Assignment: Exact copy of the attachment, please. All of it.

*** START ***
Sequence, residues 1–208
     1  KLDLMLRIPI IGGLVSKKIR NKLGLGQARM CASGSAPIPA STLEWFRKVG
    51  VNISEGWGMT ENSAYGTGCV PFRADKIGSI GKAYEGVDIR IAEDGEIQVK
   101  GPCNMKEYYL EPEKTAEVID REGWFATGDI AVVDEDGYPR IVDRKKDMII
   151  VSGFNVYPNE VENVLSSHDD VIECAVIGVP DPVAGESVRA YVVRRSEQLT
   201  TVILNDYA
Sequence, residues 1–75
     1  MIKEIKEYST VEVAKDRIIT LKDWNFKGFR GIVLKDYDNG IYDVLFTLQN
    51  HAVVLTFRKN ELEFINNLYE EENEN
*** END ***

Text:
Sequence, residues 1–208
     1  KLDLMLRIPI IGGLVSKKIR NKLGLGQARM CASGSAPIPA STLEWFRKVG
    51  VNISEGWGMT ENSAYGTGCV PFRADKIGSI GKAYEGVDIR IAEDGEIQVK
   101  GPCNMKEYYL EPEKTAEVID REGWFATGDI AVVDEDGYPR IVDRKKDMII
   151  VSGFNVYPNE VENVLSSHDD VIECAVIGVP DPVAGESVRA YVVRRSEQLT
   201  TVILNDYA
Sequence, residues 1–75
     1  MIKEIKEYST VEVAKDRIIT LKDWNFKGFR GIVLKDYDNG IYDVLFTLQN
    51  HAVVLTFRKN ELEFINNLYE EENEN